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New flows break out on Kilauea Volcano

  • COURTESY HAWAIIAN VOLCANO OBSERVATORY
    In this thermal image of the channelized lava flow, Puu Oo is at the top. The line of slightly lower temperatures down the center of the channel represents more intact (and cooler) crust, which is less disrupted than the lava near the channel margins.

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Four new lava flows continued to move slowly along Kilauea Volcano’s middle East Rift Zone on Saturday.

The flows appeared on Friday morning, breaking out on the northeast flank of Puu Oo cone in locations not believed to be related to either the Peace Day or Kahaualea 2 lava tubes, which have fed previous flows in the area.

Scientists at the U.S. Geological Survey’s Hawaiian Volcanoes Observatory contend that magma that had accumulated in a mostly horizontal layer about 1,640 feet below the Puu Oo crater floor broke out on Friday, causing the crater floor to subside slightly as the lava drained away. The observatory reported Saturday that the lava continues to feed flows on the northeast flank and lava ponds in at least two of the collapsed spatter cones on the crater floor.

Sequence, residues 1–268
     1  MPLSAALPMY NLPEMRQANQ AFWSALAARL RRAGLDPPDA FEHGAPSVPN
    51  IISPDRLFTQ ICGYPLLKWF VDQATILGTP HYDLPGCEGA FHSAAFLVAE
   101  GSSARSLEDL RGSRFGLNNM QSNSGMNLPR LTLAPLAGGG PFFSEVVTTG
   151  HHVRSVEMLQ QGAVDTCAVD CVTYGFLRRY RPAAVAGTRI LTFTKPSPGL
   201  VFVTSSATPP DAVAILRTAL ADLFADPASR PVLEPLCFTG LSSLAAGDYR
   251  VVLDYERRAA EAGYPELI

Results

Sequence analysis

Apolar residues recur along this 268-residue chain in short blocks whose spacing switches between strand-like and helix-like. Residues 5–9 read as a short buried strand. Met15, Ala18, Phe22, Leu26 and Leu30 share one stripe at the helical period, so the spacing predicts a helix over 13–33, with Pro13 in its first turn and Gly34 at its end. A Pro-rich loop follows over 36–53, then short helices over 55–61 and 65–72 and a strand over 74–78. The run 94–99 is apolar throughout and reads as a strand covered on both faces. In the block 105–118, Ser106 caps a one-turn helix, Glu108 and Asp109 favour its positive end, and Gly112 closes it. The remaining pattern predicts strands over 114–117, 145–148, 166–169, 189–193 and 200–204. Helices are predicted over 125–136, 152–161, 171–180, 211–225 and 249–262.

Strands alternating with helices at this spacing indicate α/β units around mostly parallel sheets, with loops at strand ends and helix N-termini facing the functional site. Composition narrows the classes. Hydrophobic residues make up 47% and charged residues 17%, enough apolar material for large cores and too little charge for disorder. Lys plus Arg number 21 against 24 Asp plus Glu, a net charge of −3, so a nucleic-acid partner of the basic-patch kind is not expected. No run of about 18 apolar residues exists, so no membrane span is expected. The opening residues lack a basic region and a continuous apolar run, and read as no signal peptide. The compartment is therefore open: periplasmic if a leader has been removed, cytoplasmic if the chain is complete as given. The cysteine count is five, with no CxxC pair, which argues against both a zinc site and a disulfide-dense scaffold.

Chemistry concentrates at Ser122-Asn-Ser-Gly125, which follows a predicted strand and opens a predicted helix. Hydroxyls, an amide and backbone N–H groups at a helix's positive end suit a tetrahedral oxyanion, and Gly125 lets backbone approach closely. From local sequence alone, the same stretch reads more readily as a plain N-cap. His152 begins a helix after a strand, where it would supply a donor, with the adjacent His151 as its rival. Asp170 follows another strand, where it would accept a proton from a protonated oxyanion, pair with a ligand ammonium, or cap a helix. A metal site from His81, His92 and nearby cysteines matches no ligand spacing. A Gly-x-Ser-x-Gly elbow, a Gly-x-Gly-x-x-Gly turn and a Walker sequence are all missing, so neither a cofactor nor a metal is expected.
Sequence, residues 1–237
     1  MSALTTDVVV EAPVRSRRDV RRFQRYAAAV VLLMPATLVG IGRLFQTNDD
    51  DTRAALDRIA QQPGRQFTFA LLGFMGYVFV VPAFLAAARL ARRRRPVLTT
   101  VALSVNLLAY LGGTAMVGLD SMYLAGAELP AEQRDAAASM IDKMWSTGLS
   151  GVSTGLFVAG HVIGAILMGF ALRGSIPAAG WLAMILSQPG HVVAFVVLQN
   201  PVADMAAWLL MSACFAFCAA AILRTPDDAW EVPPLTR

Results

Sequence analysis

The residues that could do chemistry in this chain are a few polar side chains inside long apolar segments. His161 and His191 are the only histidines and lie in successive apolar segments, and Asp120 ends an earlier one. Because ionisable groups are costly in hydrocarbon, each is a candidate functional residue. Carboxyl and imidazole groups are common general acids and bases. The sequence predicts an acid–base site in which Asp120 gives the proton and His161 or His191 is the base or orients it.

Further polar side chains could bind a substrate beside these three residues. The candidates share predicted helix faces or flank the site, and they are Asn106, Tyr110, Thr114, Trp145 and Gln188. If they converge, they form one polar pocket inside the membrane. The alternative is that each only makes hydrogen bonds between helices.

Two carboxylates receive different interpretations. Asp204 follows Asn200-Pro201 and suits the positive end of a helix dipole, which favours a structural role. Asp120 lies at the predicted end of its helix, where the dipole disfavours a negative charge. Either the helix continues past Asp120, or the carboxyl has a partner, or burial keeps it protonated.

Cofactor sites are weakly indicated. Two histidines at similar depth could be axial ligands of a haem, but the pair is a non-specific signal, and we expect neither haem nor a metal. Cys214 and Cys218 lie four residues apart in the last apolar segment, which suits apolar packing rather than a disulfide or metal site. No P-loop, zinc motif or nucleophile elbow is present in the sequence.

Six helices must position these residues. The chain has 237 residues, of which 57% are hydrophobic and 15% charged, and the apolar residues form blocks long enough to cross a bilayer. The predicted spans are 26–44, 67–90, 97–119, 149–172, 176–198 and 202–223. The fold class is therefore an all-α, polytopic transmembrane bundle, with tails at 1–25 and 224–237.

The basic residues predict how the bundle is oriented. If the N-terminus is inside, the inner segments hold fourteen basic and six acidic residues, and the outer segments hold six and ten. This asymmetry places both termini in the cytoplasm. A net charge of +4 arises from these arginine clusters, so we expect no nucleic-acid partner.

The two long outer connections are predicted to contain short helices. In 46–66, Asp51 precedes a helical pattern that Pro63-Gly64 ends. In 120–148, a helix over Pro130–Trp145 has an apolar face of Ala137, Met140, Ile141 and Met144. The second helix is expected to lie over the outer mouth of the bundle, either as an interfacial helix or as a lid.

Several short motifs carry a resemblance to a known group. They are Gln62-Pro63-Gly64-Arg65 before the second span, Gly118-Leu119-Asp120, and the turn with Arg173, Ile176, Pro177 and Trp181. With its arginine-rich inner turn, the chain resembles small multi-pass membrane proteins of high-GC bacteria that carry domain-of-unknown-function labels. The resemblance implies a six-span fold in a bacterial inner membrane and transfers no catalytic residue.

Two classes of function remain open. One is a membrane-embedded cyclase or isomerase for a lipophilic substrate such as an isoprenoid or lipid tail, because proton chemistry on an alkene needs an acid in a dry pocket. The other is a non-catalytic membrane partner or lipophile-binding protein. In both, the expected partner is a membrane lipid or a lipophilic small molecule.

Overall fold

The activity in the middle East Rift Zone may have affected the lava supply within the Kahaualea 2 lava tube, the observatory noted.

Cameras detected stationary glowing spots on breakouts at the north base of Puu Oo cone and wispy smoke plumes overnight. According to scientists, the flow is still hot but is far less active than it was before Friday.

At the summit, tiltmeters recorded minor fluctuations over a weak inflationary tilt, the lava lake fluctuated 30 to 35 meters below the floor of Halemaumau Crater, and gas emissions continued to be elevated.

The lake lies within a nearly cylindrical vent cavity within the east wall and floor of Halemaumau Crater.

Kilauea has been erupting continuously since Jan. 3, 1983.

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